What a huge blow for privatisation

National carrier Air Zimbabwe’s bid to lure investors suffered a big blow when it emerged this week that the airline had failed to attract new investors.

Left licking the wounds, government announced that it would raise the capital required for the operations of its 100 percent owned airline.

Put differently, AirZim will continue to rely on government coffers further haemorrhaging the cash strapped treasury.

As part of the plan by the government to strengthen the company’s balance sheet and ensure its going concern status, Air Zimbabwe is going to lease two Boeing passenger planes acquired from Malaysia pending re-introduction of direct flights to China and London.

In an interview with Business Times, Air Zimbabwe administrator Regis Saruchera of Grant Thornton and Camelsa said the liquidation of the national carrier was no longer in the horizon following the government’s commitment.

He said the government has expressed commitment to raise capital for operations of the national airliner while availing assets to boost its fleet.

“Boeing 777 is now part of our assets and another plane is expected in the next four weeks.

Government has since taken an initiative to capitalise the operations and the issue of liquidation is no longer on the horizon,” he said.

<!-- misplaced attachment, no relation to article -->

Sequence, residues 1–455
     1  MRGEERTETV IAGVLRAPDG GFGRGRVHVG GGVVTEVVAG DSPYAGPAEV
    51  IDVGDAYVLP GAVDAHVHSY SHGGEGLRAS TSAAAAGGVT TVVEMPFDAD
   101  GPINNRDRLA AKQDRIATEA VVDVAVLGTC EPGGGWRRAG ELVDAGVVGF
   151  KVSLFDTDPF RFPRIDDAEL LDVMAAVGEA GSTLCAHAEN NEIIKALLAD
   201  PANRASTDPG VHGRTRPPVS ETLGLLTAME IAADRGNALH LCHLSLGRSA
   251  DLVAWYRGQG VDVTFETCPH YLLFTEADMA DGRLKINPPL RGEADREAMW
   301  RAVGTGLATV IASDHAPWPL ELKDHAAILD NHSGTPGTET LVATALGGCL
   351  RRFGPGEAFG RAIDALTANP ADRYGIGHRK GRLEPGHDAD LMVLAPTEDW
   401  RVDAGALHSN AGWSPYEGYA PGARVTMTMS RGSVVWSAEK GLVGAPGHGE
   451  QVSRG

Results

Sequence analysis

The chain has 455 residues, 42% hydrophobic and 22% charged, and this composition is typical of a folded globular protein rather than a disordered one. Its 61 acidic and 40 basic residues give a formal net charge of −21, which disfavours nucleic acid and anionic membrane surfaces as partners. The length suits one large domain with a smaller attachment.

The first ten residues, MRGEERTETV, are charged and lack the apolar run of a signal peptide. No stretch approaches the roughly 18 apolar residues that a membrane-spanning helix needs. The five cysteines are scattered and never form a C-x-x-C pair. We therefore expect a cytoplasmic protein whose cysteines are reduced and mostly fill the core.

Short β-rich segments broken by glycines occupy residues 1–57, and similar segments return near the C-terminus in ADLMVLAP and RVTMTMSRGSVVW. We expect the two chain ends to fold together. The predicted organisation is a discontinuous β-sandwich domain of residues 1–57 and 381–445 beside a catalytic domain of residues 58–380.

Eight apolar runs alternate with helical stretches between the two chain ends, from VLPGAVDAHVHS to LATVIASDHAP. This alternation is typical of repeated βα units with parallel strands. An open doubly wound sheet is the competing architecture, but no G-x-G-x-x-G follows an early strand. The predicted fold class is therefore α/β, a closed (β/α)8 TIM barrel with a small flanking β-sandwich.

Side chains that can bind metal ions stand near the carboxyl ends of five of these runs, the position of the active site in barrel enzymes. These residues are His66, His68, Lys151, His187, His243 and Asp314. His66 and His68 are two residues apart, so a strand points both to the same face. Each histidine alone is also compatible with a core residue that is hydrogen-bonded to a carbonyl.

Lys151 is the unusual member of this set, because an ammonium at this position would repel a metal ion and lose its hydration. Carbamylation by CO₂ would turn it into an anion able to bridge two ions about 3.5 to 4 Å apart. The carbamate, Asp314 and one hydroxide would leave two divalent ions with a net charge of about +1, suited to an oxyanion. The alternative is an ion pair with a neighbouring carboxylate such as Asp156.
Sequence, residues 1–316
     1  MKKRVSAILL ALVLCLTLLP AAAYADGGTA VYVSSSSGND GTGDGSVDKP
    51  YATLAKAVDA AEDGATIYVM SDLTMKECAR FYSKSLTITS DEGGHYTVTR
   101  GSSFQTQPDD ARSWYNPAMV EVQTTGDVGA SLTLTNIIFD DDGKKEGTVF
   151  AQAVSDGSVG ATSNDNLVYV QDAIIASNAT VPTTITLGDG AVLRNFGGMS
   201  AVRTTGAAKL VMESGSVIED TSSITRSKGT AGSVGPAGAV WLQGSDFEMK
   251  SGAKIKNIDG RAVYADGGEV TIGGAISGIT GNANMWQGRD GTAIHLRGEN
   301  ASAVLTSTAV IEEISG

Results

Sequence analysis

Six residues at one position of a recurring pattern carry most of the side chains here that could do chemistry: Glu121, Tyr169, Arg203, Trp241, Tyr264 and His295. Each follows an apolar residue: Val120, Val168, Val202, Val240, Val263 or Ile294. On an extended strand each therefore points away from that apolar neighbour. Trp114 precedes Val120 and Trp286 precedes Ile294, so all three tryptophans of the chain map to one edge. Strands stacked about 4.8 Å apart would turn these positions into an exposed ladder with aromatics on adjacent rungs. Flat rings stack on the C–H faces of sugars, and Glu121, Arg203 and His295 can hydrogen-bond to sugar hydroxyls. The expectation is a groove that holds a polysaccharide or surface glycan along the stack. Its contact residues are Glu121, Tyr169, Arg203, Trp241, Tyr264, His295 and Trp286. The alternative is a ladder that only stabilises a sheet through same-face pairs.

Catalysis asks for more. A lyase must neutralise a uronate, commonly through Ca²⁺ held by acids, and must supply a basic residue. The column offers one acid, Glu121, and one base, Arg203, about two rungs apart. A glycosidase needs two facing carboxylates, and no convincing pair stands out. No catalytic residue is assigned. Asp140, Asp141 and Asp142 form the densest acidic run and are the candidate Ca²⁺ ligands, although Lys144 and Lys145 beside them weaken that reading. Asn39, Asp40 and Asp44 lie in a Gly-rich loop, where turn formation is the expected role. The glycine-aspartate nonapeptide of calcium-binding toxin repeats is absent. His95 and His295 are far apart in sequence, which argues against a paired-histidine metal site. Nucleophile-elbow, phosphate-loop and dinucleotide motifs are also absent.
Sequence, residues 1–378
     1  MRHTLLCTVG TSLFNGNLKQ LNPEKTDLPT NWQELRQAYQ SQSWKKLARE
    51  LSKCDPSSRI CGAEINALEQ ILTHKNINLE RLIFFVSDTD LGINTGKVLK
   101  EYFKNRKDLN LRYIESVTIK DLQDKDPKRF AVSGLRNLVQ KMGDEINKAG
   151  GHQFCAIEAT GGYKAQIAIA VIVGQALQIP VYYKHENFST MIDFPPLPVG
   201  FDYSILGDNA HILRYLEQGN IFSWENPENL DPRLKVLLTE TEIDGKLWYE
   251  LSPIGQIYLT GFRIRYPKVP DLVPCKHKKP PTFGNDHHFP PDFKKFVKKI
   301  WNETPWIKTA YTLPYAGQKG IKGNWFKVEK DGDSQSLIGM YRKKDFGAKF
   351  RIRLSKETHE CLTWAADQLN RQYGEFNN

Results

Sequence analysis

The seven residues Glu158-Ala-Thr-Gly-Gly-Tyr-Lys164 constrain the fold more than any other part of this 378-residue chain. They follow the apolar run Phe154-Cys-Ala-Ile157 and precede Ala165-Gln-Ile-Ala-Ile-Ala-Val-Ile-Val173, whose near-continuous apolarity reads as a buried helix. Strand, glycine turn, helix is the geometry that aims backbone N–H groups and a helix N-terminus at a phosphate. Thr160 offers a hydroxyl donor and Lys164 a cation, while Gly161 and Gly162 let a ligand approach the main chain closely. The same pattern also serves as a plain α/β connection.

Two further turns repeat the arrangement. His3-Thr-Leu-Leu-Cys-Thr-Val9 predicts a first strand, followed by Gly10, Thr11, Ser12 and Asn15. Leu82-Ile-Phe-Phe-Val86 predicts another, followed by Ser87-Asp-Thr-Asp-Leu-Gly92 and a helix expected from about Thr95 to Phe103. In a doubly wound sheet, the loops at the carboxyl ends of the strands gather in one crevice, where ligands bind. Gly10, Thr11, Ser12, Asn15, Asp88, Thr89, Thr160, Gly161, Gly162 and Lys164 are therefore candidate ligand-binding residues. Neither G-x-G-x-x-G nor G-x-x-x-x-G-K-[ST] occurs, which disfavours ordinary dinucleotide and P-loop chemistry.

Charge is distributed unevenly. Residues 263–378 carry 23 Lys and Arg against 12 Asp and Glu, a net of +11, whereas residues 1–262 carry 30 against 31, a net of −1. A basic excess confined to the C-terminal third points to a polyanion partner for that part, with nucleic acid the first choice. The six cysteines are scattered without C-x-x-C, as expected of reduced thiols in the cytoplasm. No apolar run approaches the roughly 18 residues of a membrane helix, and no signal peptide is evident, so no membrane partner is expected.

“Government is looking at funding the Air Zimbabwe operations and the issue of equipment for operations is key for any airline company.”

Failure by AirZim to attract investors reflects on the attractiveness or (lack of) government assets earmarked for privatisation.

For an economy which largely depends on internally generated revenues to fund its projects, privatisation of perennially loss-making state-owned enterprises was not only seen as one of the key reforms promised by government but the exercise was expected to ease the burden on state coffers.

Now it’s back to square one. While the soul-searching exercise continues, government should improve corporate governance in public institutions.

Most parastatals have been rocked by a series of scandals that have prejudiced the state of funds running into several millions of dollars.

The process of commercialising state-owned enterprises requires comprehensive probes at these entities and putting in place systems that will ensure that those mandated to run them may do so in an efficient and transparent manner.

A culture of accepting mediocrity, greed and incompetence at such institutions takes away the glitter from these establishments.

Zimbabwe has a lot to learn from the Chinese model of state capitalism. Promoting a culture of accountability and cleaning up the closet should be the starting point.

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